With domestic violence on the rise in the Las Vegas Valley during the COVID-19 pandemic, court officials say they’ve launched a new online system that allows people to apply for temporary protective orders electronically.
On Monday, Clark County District Court launched an online application through a partnership with the Legal Aid Center of Southern Nevada. The application is on the legal aid center’s website and can be accessed by clicking here.
“The stress caused by the circumstances of the Coronavirus pandemic makes this a high-risk time for domestic violence,” Bryce Duckworth, the presiding Family Court judge, said in a statement. “This new guided online form gives those looking to apply for domestic violence protective orders an easily accessible option to obtain a TPO remotely and discretely.”
The online application process comes as local officials say there is a heightened risk of domestic violence in light of the pandemic.
Clark County Sheriff Joe Lombardo said Friday that domestic violence and disturbance calls have climbed in the Metropolitan Police Department’s jurisdiction, while other types of crimes have decreased.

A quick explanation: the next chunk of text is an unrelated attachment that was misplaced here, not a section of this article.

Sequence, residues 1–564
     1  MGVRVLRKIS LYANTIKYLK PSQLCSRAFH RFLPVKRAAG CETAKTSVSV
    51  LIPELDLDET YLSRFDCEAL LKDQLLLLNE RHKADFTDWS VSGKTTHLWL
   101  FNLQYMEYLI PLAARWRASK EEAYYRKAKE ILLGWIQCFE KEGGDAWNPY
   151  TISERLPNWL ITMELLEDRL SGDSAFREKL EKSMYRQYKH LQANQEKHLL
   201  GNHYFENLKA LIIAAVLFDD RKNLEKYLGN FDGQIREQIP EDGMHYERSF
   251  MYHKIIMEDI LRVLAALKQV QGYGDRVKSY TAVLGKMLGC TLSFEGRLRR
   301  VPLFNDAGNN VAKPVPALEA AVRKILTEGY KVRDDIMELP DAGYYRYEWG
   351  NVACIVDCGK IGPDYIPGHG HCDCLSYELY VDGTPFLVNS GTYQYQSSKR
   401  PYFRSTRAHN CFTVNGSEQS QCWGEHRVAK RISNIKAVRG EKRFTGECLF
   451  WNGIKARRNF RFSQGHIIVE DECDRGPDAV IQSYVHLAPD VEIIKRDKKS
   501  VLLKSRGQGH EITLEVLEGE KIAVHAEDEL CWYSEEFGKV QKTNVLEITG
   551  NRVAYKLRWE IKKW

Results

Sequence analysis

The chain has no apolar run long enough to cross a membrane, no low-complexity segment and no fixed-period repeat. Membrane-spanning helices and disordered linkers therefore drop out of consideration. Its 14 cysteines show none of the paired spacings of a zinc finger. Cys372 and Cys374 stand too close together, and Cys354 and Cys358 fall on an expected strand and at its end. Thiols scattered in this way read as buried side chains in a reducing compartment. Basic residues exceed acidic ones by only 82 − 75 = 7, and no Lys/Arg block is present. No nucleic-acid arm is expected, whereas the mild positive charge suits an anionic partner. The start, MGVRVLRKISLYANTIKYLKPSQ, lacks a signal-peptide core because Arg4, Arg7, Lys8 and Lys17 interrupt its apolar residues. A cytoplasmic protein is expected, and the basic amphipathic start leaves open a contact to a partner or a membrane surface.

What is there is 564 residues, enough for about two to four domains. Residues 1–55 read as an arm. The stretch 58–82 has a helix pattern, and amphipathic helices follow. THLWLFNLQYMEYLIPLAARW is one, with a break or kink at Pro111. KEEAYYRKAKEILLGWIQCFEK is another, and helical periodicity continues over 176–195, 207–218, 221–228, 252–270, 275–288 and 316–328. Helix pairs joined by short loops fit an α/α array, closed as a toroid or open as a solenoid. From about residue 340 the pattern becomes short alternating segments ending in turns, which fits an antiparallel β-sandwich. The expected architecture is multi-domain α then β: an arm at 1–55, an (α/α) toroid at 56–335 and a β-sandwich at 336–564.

Lombardo said Metro tracked about 500 more domestic disturbance-related calls since Gov. Steve Sisolak ordered residents to stay home in an effort to slow the spread of the coronavirus. The calls accounted for a 13 percent increase as of April 11.
The online application for a protective order offers what is described as a step-by-step guide to complete a request for an order from the court.
Once the form is completed, applicants may email the application to the court clerk or e-file the document, prompting a hearing conducted by phone. Applications submitted before 4 p.m. will allow for a same-day hearing. Applications submitted after 4 p.m. will result in a hearing the next morning.
Anyone seeking help also may email the Legal Aid Center at firstname.lastname@example.org.
“Local organizations that provide services to victims of domestic violence report an uptick in incidences,” according to a statement from Stephanie McDonald, directing attorney of the Family Law Self-Help Center. “It is crucial that those facing the danger of domestic violence know they can easily file an application for a protective order.”
The Self-Help Center is operated by the Legal Aid Center.